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Figure 1: Religious Participation in Western Europe, 1970-1999 used by Norris and Inglehart, 2004

Norris and Inglehart (2004) explain that there are major differencies between agrarian, industrial and post-industrial countries concerning secularisation.  Yet if we look at Figure 2, US, Ireland and Poland are considered as the most religious countries, while most of Europe is situated in low levels of religiosity.

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Figure 2: World Value Survey 1981-2001 used by Norris and Inglehart, 2004

Why is US less secular than Europe, while it is clearly more democratic, modern and economically more powerful than each European country? This can be explained by the following approach. Using the structure of the market, with a supply and demand. Petersson  presents this idea by explaining that a high supply and a high level of religious pluralism play major roles in secularism since it results in competition and competition motivates the supplier to create better goods and adapt to the consumer’s taste (Pettersson, 2003: ) Competition and state regulation play major roles in the levels of religiosity – Religions in Europe are not private but rather public, subsidized by governments, therefore since they have no one to compete with to gain profit, churches in Europe remain weak compare to the United States – As Norris and Inglehart (2004) explain, the market theory argues that –       “ Established churches are thought to be complacent monopolies taking their congregations for granted, with a fixed market share due to state regulation and subsidy for one particular faith that enjoys special status and privileges. By contrast, where a free religious marketplace exists, energetic competition between churches expands the supply of religious “products,” thereby mobilizing religious activism among the public.” (Norris and Inglehart, 2004: 94). In Germany and Sweden Church is subsidized, therefore it is less innovative, efficient and not attractive to the “consumers”. The lack of religious competition results in the lack of religiosity in Europe.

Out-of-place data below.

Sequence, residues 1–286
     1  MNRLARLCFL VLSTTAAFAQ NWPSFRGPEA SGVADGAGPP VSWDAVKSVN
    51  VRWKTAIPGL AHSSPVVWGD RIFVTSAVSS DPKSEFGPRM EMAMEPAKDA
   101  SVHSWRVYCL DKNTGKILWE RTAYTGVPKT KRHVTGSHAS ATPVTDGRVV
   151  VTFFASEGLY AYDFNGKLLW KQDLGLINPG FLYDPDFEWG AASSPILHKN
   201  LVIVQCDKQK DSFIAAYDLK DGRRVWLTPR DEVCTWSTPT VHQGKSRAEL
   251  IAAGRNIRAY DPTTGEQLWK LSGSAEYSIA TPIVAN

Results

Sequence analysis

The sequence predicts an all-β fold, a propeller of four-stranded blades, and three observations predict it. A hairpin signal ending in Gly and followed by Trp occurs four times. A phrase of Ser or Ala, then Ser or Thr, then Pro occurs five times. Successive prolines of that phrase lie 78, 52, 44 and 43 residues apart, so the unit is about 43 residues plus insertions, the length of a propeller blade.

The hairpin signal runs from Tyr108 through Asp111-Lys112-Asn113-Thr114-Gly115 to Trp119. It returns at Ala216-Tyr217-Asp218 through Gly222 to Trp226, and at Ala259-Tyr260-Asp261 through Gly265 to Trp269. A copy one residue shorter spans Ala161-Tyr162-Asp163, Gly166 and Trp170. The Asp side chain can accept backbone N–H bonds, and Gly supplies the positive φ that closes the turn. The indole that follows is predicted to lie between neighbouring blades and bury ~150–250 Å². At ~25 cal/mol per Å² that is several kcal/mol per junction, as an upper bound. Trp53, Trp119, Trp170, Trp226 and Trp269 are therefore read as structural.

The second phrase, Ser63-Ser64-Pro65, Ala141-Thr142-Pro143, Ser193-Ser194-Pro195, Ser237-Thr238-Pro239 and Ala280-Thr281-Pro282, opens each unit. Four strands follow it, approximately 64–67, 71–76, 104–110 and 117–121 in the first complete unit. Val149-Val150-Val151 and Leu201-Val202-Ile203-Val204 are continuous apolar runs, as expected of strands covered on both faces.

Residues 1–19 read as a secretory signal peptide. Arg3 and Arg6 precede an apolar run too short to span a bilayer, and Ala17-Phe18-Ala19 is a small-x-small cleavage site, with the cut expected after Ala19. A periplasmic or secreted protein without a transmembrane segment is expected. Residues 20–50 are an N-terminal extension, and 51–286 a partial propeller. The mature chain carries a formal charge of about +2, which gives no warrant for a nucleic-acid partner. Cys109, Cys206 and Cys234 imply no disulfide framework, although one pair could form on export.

What is also interesting to look at is the structure and legislation in Europe concerning religion. As Robbers (2005) underlines, there a three types of civil ecclesiastical laws systems or in other words, three types of approaches to religion, in the legislation. The first type is a State-Church where Church and State are closely linked – England, Greece adopted this type of system. The second type is where Church and State are strictly separated and Church does not interefer in state affairs – France, Netherlands serve as exemples. Finally, the third type of civil ecclesiastical law system is when there is a separation between Church and State yet both of them cooperate and complement each other. A lot of European countries belong to this category – Belgium, Poland, Italy, Baltic States and many more. (Robbers, 2005: 580). Robbers also explains the basic structure of the European Union, which puts forwards religious freedom as number one priority, along with tolerance and neutrality, equal treatment of every religious community and obviously, the respect the civil ecclesiastical law of each Member States (Robbers, 2005: 581) European Law allows individuals to have the freedom to choose their own religion, it is a personal choice. Although the European law proves that Europe is secular, Europe’s diversity in terms of systems can question European secularism as a unity –  on one hand,  one might assume that West is more secular than East which is not competely true – Poland and Ireland are considered as having high levels of religiosity while Czech Republic and belgium are the most secular countries and least religious countries.